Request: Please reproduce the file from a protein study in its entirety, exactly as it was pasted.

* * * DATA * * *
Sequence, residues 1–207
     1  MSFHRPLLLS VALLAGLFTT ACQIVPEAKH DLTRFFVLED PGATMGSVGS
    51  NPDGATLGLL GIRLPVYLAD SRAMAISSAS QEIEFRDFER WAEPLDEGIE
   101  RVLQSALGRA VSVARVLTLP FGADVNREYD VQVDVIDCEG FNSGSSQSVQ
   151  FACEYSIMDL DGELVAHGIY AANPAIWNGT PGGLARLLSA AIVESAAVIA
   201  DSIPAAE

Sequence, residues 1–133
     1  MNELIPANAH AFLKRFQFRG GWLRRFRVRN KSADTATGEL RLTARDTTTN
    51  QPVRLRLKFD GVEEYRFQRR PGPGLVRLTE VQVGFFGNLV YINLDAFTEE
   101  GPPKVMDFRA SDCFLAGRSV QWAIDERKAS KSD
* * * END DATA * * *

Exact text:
Sequence, residues 1–207
     1  MSFHRPLLLS VALLAGLFTT ACQIVPEAKH DLTRFFVLED PGATMGSVGS
    51  NPDGATLGLL GIRLPVYLAD SRAMAISSAS QEIEFRDFER WAEPLDEGIE
   101  RVLQSALGRA VSVARVLTLP FGADVNREYD VQVDVIDCEG FNSGSSQSVQ
   151  FACEYSIMDL DGELVAHGIY AANPAIWNGT PGGLARLLSA AIVESAAVIA
   201  DSIPAAE

Sequence, residues 1–133
     1  MNELIPANAH AFLKRFQFRG GWLRRFRVRN KSADTATGEL RLTARDTTTN
    51  QPVRLRLKFD GVEEYRFQRR PGPGLVRLTE VQVGFFGNLV YINLDAFTEE
   101  GPPKVMDFRA SDCFLAGRSV QWAIDERKAS KSD